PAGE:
Cisco: Puppy cams threaten Internet

Expert says growth of ambient video could strain global nets

HONOLULU -- Network demand will explode, fueled by unexpected growth in ambient video, like puppy cams and surveillance video, according to reports from the 33rd Pacific Telecommunications Council (PTC) conference held last week in Hawaii.

Several thousand technology professionals from across the Pacific hemisphere attended the annual conference. Delegates from the United States were the largest bloc, with Hong Kong SAR and China next, followed by Japan, India, Singapore and many Asia-Pacific regions and countries.

Telegeography Research presented estimates that global broadband Internet subscribers will climb to more than 700 million by 2013, with more than 300 million from Asia, compared to about 100 million in North America, and nearly 200 million in Europe.

GAUGING THE VOLUME: What to expect in data storage and network traffic growth in 2011

And Robert Pepper, Cisco vice president for global technology policy, presented findings from the company's Visual Networking Index, which showed that global IP traffic is expected to increase more than fourfold (4.3 times) from 2009 to 2014.

In fact, global IP traffic is expected to reach 63.9 exabytes per month in 2014. This is equivalent to 766.8 exabytes per year -- almost three-quarters of a zettabyte.The most surprising trend is that video traffic surpassed peer-to-peer volumes in 2010 for the first time.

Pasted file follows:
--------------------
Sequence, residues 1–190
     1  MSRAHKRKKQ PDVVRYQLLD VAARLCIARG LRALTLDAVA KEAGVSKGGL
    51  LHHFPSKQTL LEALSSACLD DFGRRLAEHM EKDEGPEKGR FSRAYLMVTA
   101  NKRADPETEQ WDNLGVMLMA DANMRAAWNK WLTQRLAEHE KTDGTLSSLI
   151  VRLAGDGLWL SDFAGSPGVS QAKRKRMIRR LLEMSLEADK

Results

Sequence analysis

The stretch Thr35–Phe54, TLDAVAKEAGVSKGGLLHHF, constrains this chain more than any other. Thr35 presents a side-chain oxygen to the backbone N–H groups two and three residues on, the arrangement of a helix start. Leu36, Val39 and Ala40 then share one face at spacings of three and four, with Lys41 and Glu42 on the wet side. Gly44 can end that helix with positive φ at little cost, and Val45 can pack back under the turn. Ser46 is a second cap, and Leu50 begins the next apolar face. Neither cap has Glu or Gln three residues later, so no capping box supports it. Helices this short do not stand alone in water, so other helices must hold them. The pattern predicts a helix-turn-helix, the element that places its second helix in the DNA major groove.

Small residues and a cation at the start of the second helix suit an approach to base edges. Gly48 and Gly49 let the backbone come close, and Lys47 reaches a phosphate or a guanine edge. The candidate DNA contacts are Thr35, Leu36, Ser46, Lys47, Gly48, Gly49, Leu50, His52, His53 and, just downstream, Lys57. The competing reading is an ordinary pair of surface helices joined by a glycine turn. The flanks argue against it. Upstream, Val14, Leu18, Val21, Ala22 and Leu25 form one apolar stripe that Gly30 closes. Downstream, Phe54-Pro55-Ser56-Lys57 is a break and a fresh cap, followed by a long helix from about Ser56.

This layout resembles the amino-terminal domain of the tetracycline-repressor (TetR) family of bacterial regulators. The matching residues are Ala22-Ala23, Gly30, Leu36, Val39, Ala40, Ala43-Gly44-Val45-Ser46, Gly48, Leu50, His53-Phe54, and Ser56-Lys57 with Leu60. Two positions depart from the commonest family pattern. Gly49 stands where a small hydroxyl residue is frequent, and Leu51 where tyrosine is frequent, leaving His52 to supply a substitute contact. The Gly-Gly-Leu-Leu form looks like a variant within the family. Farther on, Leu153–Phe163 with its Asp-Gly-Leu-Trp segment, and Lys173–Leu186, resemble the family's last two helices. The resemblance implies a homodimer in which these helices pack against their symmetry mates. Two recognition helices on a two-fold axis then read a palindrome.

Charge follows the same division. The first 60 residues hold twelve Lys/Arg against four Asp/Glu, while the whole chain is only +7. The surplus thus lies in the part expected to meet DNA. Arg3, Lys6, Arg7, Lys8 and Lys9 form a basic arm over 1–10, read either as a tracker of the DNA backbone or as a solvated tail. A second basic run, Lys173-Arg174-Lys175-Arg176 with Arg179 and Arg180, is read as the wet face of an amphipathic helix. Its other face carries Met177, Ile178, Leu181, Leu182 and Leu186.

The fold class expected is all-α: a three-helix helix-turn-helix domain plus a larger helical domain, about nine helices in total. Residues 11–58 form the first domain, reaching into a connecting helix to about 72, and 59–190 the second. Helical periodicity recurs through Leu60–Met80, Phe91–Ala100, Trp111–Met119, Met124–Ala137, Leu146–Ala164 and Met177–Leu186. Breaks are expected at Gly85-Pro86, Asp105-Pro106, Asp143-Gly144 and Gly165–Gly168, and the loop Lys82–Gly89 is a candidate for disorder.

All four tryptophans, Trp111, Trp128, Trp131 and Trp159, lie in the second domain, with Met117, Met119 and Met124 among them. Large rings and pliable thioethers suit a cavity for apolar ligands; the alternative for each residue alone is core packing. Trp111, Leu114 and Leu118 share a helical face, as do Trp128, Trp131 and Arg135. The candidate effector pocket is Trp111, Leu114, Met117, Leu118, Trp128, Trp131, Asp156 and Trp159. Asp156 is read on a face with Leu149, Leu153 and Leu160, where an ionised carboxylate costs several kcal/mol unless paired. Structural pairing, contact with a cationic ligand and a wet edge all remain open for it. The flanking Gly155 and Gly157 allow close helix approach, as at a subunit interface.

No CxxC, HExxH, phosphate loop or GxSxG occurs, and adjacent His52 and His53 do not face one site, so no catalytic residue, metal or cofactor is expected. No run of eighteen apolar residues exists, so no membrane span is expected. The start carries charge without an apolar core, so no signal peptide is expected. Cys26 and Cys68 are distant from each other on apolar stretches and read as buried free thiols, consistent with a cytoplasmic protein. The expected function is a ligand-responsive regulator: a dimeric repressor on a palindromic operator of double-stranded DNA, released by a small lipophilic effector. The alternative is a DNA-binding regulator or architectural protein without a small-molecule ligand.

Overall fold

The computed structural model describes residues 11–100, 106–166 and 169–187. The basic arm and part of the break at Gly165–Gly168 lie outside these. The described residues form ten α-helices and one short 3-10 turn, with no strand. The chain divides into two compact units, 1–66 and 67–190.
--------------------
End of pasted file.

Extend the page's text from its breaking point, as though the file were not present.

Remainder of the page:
An unexpected driver in this overall growth of Internet traffic is the surge in ambient video. This is so-called "puppy cam" traffic -- fixed video sources featuring pets, so-called "nanny cam" child care and health monitoring video streams, and especially security camera applications.

``This a much bigger deal than anyone thought,'' said Pepper. He added that the popular Shiba Inu Puppy Cam site was said to have more Internet viewing hours than all of ESPN online video. In fact, of the top online video sites in Europe last year, "three of the top 20 are ambient video, and these didn't exist a year ago."

Other key findings in the Cisco report are:

• Consumer-driven Internet traffic overwhelms business traffic in volume. This shifting composition will lead to 87% consumer traffic vs. 13% business traffic by 2014.

• The nearly 64 exabytes of global IP traffic per month projected for 2014 is equivalent to 16 billion DVDs, 21 trillion MP3s, or 399 quadrillion text messages.

• By 2014, the highest IP-traffic generating regions will be North America (19.0 exabytes per month), Asia Pacific (17.4 exabytes per month), Western Europe (16.2 exabytes per month) and Japan (4.3 exabytes per month). Asian traffic altogether will be highest in the world.

• The fastest growing IP-traffic regions for the forecast period (2009-2014) are Latin America (51 percent compound annual growth rate, 7.9-fold growth), the Middle East and Africa (45 percent CAGR, 6.5-fold growth), and Central Europe (38 percent CAGR, 5.1-fold growth).

All these changes, with larger volumes and changing user needs, require network providers and managers to prepare for new and unexpected demands on their infrastructure and operations.